Question: Do I have to file the Trust with the Secretary of State for it to be immediately protected or effective?
Answer: A living revocable trust is not recorded to make it “valid,” “legal,” or “effective” in any way. Once the trust is properly signed, it will be effective. Of course, its effectiveness in avoiding probate depends upon your proper care and feeding of the trust.
The secretary of state is the usual place where corporate, LLC and limited partnership documents are filed. The trust is never filed there in the sense that the business documents are filed.
The beauty of the trust is its privacy. It isn’t even filed when property is passed following a death – most of the time.
You have to remember that your trust is not secret. It may not be public, but it’s not secret. Your banker and broker may want a copy of the trust on file. Usually, they only want a summery of the trust, or they may take a copy of the first and last page of the trust and the pages that deal with successor trustees and the trustee’s powers.
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Others need to know who they will be dealing with after you are no longer the trustee. They need to know that the successor trustee that shows up has a copy of the trust they agreed to honor. They need to know what the trustee can and can’t do. But, they do not need to know how you are going to divide up your property amongst the heirs.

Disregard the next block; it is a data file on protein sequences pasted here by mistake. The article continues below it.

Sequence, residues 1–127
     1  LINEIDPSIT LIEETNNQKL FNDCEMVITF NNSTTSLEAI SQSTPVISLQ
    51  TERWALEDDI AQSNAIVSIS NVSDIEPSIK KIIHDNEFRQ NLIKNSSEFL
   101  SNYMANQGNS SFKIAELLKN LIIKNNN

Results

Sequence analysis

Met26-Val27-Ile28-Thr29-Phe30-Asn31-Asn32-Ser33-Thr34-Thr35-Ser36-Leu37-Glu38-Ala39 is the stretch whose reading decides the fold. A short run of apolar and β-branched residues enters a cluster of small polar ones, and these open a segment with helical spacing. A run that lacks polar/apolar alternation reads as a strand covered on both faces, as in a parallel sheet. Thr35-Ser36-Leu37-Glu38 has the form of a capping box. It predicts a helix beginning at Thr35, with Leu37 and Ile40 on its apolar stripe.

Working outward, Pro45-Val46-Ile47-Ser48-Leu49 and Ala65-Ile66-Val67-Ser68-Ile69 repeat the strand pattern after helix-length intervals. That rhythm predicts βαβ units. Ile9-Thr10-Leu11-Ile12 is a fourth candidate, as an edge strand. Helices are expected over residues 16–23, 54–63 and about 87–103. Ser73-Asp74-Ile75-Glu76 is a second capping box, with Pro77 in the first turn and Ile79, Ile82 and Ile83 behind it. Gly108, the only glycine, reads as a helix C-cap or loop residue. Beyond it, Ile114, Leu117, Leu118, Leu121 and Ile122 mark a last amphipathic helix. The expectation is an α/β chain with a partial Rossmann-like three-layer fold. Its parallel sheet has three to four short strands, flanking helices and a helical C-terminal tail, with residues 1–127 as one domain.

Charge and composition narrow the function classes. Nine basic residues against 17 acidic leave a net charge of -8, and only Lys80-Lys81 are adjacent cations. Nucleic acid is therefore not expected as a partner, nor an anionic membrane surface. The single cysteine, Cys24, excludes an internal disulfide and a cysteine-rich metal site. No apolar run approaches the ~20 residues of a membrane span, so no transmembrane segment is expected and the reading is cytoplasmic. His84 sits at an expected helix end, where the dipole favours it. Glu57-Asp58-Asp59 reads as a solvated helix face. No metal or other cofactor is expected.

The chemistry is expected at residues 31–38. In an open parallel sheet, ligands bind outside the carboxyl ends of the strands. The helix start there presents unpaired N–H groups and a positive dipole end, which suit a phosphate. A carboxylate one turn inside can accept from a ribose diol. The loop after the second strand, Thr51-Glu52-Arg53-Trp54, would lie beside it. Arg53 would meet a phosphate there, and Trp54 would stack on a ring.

Parts of the trust may be filed publicly when a piece of real property is transferred out of the trust. The chain of title has to be clean, so the title office needs to know that the trustee had the authority to sign on behalf of the trust. Here again, the more “private parts” of the trust shouldn’t be recorded.
Sign the trust properly and then keep a copy in the file cabinet. Another copy should be at the attorney’s office or someplace else so that if your file cabinet copy is destroyed you can have another originally signed copy.
If you lose all of the originally signed copies of the trust, you are in DEEP trouble.